Age and too little exercise can make all of us – human and canine – a bit stiff in the hips. But that is not what hip dysplasia is. To understand hip dysplasia in dogs, it helps to know how the hip joint works. It is a ball and socket joint. The round head of the femur bone normally fits perfectly into the hip socket to allow smooth movement of the leg. When a dog has hip dysplasia, the fit is not good and the movement is not smooth. The poor fit of the femur into the hip socket can cause the joint to be excessively loose and it results in extreme wear and tear.
This inherited condition mostly strikes larger dogs such as German Shepherds, Great Danes, Irish Wolfhounds, Rottweilers and Retrievers. But small dogs can also have it. Pugs seem to be among the most vulnerable of the small breeds. Hip dysplasia is genetic, and it involves multiple genes. Responsible breeders screen their dogs for it, and dogs with hip dysplasia should not be bred. Not only would breeding a dog with the condition create pups who will grow up to suffer, pregnancy would put a further strain on a female’s joints.
If you have a dog that is particularly vulnerable to hip dysplasia, for example a large breed from a dog rescue, it makes sense to work with your vet to monitor for signs of hip dysplasia and to be proactive in protecting your dog’s hip joints.
Symptoms of Hip Dysplasia
Genetics are complex, and it has not been possible to eradicate hip dysplasia. Therefore, all dog owners should have an understanding of this condition and know what signs indicate their dog could be suffering from it. The following signs and symptoms can indicate hip dysplasia.
- Decreased activity, less interest in going for walks or playing.
- Slow getting up from bed, reluctance to attempt stairs.
- Seems stiff or in pain.
- Loss of muscle mass in rear legs.
- Increased muscle in front legs as they compensate.
- Strange gait, bunny hopping, swaying or limping.
Many older dogs can show some or all of these symptoms. A dog with arthritis will have the same stiffness and pain. Of course, any sign of pain in your dog means he should see the vet. One important distinction is that while arthritis shows in mostly in older dogs, hip dysplasia can develop when a dog is still young. Even puppies can develop the condition.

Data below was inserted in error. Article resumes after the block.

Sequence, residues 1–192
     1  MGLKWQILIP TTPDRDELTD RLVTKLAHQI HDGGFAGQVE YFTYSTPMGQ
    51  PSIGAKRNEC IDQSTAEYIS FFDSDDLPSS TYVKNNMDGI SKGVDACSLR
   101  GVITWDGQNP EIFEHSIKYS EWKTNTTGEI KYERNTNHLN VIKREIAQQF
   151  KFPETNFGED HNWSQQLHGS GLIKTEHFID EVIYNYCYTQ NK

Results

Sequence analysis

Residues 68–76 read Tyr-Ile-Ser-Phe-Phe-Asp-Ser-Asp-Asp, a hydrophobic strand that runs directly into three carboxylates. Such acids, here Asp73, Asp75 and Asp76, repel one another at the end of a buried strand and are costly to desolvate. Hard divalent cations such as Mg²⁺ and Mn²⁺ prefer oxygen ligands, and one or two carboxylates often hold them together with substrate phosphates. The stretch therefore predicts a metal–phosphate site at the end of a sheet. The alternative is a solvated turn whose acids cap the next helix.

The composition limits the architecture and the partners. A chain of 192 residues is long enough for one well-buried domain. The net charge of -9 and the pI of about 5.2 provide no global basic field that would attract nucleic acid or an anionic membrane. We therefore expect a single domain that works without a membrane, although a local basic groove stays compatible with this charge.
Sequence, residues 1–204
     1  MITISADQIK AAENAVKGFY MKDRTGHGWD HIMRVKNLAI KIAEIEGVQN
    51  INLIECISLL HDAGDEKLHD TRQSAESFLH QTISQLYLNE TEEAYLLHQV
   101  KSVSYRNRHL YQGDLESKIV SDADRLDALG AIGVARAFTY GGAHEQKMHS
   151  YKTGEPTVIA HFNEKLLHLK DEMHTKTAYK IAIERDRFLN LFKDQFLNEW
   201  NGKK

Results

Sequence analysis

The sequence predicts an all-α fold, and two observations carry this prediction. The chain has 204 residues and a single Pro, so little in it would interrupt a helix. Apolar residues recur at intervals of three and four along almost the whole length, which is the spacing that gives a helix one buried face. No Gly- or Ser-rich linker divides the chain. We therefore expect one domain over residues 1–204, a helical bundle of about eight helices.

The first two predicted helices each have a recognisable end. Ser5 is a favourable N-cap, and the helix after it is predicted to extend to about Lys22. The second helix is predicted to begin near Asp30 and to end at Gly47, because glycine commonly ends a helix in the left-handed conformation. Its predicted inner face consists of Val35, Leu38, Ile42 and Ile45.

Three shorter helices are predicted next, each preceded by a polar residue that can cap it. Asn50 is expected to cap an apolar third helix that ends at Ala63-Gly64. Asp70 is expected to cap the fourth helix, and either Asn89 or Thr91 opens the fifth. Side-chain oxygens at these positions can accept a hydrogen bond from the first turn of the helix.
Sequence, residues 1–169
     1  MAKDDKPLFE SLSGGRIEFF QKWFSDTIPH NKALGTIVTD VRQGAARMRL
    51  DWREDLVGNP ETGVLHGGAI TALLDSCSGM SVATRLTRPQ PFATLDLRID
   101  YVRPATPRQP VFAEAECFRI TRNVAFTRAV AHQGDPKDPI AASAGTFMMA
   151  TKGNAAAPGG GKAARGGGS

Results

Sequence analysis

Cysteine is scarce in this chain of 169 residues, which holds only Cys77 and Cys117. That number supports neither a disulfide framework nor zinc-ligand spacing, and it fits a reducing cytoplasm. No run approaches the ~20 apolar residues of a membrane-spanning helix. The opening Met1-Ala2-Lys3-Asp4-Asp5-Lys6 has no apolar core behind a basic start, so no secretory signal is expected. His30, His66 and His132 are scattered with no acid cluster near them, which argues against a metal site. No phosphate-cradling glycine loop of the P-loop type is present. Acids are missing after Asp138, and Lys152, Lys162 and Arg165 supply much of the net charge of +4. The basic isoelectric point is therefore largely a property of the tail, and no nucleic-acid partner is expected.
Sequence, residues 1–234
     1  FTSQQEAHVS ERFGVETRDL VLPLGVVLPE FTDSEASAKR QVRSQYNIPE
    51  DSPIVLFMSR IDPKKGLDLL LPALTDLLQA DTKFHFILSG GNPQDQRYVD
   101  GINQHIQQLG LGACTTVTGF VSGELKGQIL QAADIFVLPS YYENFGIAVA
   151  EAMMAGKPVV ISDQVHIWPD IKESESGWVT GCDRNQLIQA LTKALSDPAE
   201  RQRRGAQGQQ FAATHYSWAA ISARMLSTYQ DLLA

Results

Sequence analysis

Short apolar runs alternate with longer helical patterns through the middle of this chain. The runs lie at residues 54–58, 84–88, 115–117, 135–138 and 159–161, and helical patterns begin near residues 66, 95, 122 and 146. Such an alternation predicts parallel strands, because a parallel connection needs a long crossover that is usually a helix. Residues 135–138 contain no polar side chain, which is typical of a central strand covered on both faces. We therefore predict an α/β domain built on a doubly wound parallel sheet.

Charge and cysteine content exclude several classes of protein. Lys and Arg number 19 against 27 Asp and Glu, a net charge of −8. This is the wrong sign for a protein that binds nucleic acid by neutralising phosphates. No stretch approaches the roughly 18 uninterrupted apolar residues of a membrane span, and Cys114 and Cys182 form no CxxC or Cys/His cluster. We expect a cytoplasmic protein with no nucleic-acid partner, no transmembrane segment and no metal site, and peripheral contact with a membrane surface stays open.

The definitive way to diagnose hip dysplasia is with an x-ray. A vet can sometimes feel a grinding in the joint while examining it, but the x-ray is still needed to confirm the diagnosis. An x-ray can also show arthritis or injury, so it is well worth getting if your dog is showing signs of pain or lameness.
Protecting Your Dog from Hip Pain
The bad news about hip dysplasia is that as a genetic condition, it cannot be cured. The good news is that it can be treated, and treating it before it develops can spare your dog a lot of pain. Only hip surgery can change the fit of the femur into the hip socket, but by taking a pro-active approach to your large breed’s joint health, you can minimize the damage the condition does.
Proactive protection ideally starts when your dog is a pup. It is important to feed large breeds food specially designed for them, such as Leader Puppy Large Breed nuts. It’s designed to support a healthy growth process for large breeds because growing too fast can actually lead to bone problems. It also contains glucosamine and chondroitin to nourish the joints. Exercise is also critical for joint health. The trick with large breed puppies is finding the balance so they are staying fit and burning up some energy without overdoing it and straining their growing bones and joints. One thing that can help is to walk them on soft surfaces such as grass or dirt trails rather than pavement.
Nutrition and exercise can help dogs of all ages minimize the damage done by hip dysplasia. Adult and senior large breeds also need food designed just for them, which is why Connolly’s Red Mills makes large breed foods for them as well as puppies. You can also boost joint health with treats such as Leader Nutri Vigor Hip and Joint Care Treats that are rich in omega 3 and 6 as well as glucosamine. A healthy diet and regular exercise keep the joints limber and prevent obesity, which puts an extra strain on all of your dog’s joints, including her hips.
Medical Treatments for Advanced Hip Dysplasia
Sometimes hip dysplasia can’t be stopped or alleviated through diet and exercise. Perhaps the dog came from a rescue or perhaps she showed no signs and no one reason to suspect she could develop it. Untreated, the condition can cause pain and erode a dog’s quality of life. But thankfully, veterinary science has some solutions. The specific treatment that will most help your dog depends on many factors such as age, overall health, size, etc.
For some dogs, the solution can be as simple as pain medication and a carefully devised exercise plan that includes some physical therapy and avoiding walking on hard surfaces. For others, surgery might be the answer. Dogs can have a complete hip replacement, but that isn’t the only surgical option. For pups less than a year old showing signs of hip dysplasia, a surgical procedure where the vet cuts part of the pelvic bone and rotates the segments can make a big difference. Another surgery for pups or adult dogs replaces the round head of the femur bone with a metal one that fits better into the hip socket. This won’t leave the dog with a normal range of motion in the joint, but it should cure the pain.
The important thing is to make an appointment with your vet if your dog shows signs of pain or lameness that don’t go away in a day or two. Whether it is hip dysplasia, arthritis or an injury, the sooner you take action, the less pain your beloved pet will experience.